"Crashing in," said the man, loud. "Introductions, please, Alex."
Manton stood. "Inspector Villani, this is Guy Ulyatt of Marscay Corporation."
Ulyatt was fat and pink, cornsilk hair, tuber nose. "Pleasure, Inspector," he said. He didn't offer a hand, sat down. The woman sat beside him.
Villani said to Manton, "This person's got something to tell us?"
"Sorry, sorry," said Ulyatt. "I'm head of corporate affairs for Marscay."
"You have something to tell us?" said Villani.
"Making sure you're getting maximum co-operation. No reflection on Alex, of course."
"Mr. Manton is helping us," said Villani. "If you don't have a contribution, thank you and goodbye."
"I beg your pardon?" said Ulyatt. "I represent the building's owners."
Silence in the big room. Villani looked at Dove. He wanted him to learn something from this. Dove held his eyes but there was no telling what he was learning.
"We. Own. The. Building," said Ulyatt, four distinct words.
"What's that got to do with me?" said Villani.
"We'd like to work with you. Minimise the impact on Prosilio and its people."
"Homicide, Mr. Elliot," said Villani. "We're from Homicide."
"It's Ulyatt." He spelled it.
"Yes," said Villani. "You might try talking to some other branch of the force. Impact Minimisation Division. I'm sure there's one, I'd be the last to know."
Ulyatt smiled, a genial fish, a grouper. "Why don't we settle down and sort this out? Julie?"
The woman smiled. She had shoe-black hair, she'd been under the knife, knew the needle, the dermabrasion, detailed down to her tyres like a saleyard Mercedes.
"Julie Sorenson, our key media person," said Ulyatt.
"Hi," she said, vanilla teeth, eyes like a dead deer. "It's Stephen, isn't it?"
"Hi and goodbye," said Villani. "Same to you, Mr. Elliot. Lovely to meet you but we're pushed here. A deceased person."
Ulyatt lost the fish look. "It's Ulyatt. I'm trying to be helpful, Inspector, and I'm being met by hostility. Why is that?"
"This is what we need, Mr. Manton," said Villani. "Ready?"
"Sylvia?" said Manton.
She had her pen ready.
"All CCTV tapes from 3 p.m. yesterday, all lifts, parking," said Villani. "Also duty rosters, plus every single recorded coming and going, cars, people, deliveries, tradies, whatever."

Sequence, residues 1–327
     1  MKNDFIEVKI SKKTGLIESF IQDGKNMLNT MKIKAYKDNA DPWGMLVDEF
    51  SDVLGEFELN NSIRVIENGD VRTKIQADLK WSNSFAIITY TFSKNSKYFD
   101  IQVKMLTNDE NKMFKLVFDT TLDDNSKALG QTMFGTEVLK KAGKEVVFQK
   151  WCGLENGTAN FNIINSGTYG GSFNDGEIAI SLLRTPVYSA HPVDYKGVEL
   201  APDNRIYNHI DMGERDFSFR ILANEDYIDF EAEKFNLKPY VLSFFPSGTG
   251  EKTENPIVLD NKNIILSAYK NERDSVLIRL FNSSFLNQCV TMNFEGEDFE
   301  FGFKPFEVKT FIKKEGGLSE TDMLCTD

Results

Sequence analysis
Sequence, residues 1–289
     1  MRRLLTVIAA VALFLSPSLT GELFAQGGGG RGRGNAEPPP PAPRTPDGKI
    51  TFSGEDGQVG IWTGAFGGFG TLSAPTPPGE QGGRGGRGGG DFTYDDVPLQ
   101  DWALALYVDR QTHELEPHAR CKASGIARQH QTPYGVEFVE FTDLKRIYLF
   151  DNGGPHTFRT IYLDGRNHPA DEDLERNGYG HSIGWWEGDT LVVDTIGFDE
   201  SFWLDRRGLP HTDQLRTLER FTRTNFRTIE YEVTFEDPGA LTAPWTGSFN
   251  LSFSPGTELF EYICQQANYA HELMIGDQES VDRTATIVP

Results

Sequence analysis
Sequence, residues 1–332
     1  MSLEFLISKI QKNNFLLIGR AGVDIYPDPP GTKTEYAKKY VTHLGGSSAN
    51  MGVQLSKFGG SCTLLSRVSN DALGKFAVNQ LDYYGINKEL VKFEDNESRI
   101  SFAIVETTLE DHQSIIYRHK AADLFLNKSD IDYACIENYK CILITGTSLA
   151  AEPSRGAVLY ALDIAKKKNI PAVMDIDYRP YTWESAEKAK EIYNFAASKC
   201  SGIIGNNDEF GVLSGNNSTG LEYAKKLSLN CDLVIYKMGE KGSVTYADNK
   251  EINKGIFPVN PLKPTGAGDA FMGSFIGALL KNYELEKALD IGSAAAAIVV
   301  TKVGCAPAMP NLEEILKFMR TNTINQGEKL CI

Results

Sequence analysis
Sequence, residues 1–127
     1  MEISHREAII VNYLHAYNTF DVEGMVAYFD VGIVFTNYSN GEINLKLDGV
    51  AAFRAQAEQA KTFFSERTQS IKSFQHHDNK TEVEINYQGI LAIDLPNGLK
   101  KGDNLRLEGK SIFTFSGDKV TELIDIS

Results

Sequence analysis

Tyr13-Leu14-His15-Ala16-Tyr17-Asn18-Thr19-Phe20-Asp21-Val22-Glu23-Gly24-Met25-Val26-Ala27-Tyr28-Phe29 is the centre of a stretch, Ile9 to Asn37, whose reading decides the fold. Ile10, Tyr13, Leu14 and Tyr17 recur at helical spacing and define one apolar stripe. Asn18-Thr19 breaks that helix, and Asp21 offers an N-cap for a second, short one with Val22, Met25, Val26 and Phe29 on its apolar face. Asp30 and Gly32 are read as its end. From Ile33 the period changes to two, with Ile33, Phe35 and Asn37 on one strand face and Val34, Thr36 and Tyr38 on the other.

Ulyatt whistled. "Tall order," he said. "We'll need a lot more time."
"Got that down?" said Villani to Sylvia Allegro.
"Also the CVs and rosters of all staff with access to the thirty-sixth floor or who could allow anyone access. And all the owners of apartments on that floor and everyone from other floors with access. Plus the guest list for the casino function."
"We don't have that," said Ulyatt. "That's Orion's business."
"The casino function was in your building," said Villani. "I suggest you ask them. If they won't co-operate, let Detective Dove here know."
Ulyatt was shaking his head.
"We'll show the victim on television tonight, ask for information," said Villani.
"I can't see the necessity at this stage," said Ulyatt.
Villani delayed looking at him, met the eyes of Dove, Weber, Manton, Allegro, not Condy, he was looking away. Then he fixed Ulyatt. "All these rich people paying for full-on security, the panic buttons, the cameras," he said. "A woman murdered in your building, that's a negative?"
"It's a woman found dead," said Ulyatt. "It's not clear to me that she was murdered. And I can't see why you would go on television until you've examined the information you want. Which we will provide as speedily as we can, I can assure you."
"I don't need to be told how to conduct an investigation," said Villani. "And I don't want to be told."
"I'm trying to help. I can go further up the food chain," said Ulyatt.
"Talk to people in government."
Awake at 4:30 a.m., Villani was feeling the length of the day now, his best behind him. "You'll talk to people in government," he said.
Ulyatt's lips drew back. "As a last resort, of course."
"So resort to it, mate," said Villani, pilot flame of resentment igniting the burner. "You're dealing with the bottom feeders, there's nowhere to go but up."
"I certainly will be putting our view," said Ulyatt, a long sour look. He rose, the woman rose, too. He turned on his black shoes, the woman turned, they both wore thin black shoes, they both had slack arses, one fat, one thin, the surgery hadn't extended to lifting her arse. They left, Ulyatt taking out his mobile.
"No garbage to leave the premises, Mr. Manton," said Villani. "I've always wanted to give someone that instruction."
"It's gone," said Manton. "It goes before 7 a.m., every day except Sunday."
"Right. So. How do you get up there?"
"Private lifts," said Manton. "From the basements and the ground floor. Card-activated, access only to your floor."
"And who's got cards?"
Manton turned to Condy. "David?"
"I'd have to check," said Condy.
Villani said, "You don't know?"
"There's a procedure for issuing cards. I'll check."
Villani moved his shoulders. "Getting into the apartment?" he said. "How's that work?"
"Same card, plus a PIN and optional fingerprint and iris scanning," said Condy. "The print and iris are in temporary abeyance."
"Ah, being fine-tuned."
"For the moment, no."
"So it's just the card?"
"Same card you don't know how many people have."
Villani turned to Dove.
"I'm off," he said. "If we don't get the fullest co-operation here, I'll be on television saying that this building is a management disaster and a dangerous place to live and residents should be alarmed."
Excerpted from Truth by Peter Temple. Copyright © 2009 Peter Temple. Excerpted by permission of Farrar, Straus and Giroux.
All rights reserved. No part of this excerpt may be reproduced or reprinted without permission in writing from the publisher.
Excerpts are provided by Dial-A-Book Inc. solely for the personal use of visitors to this web site.
Meet the Author
Peter Temple is the author of eight crime novels, five of which have won the Ned Kelly Award for Crime Fiction. He has worked as a journalist and editor for newspapers and magazines in several countries. He lives in Victoria, Australia.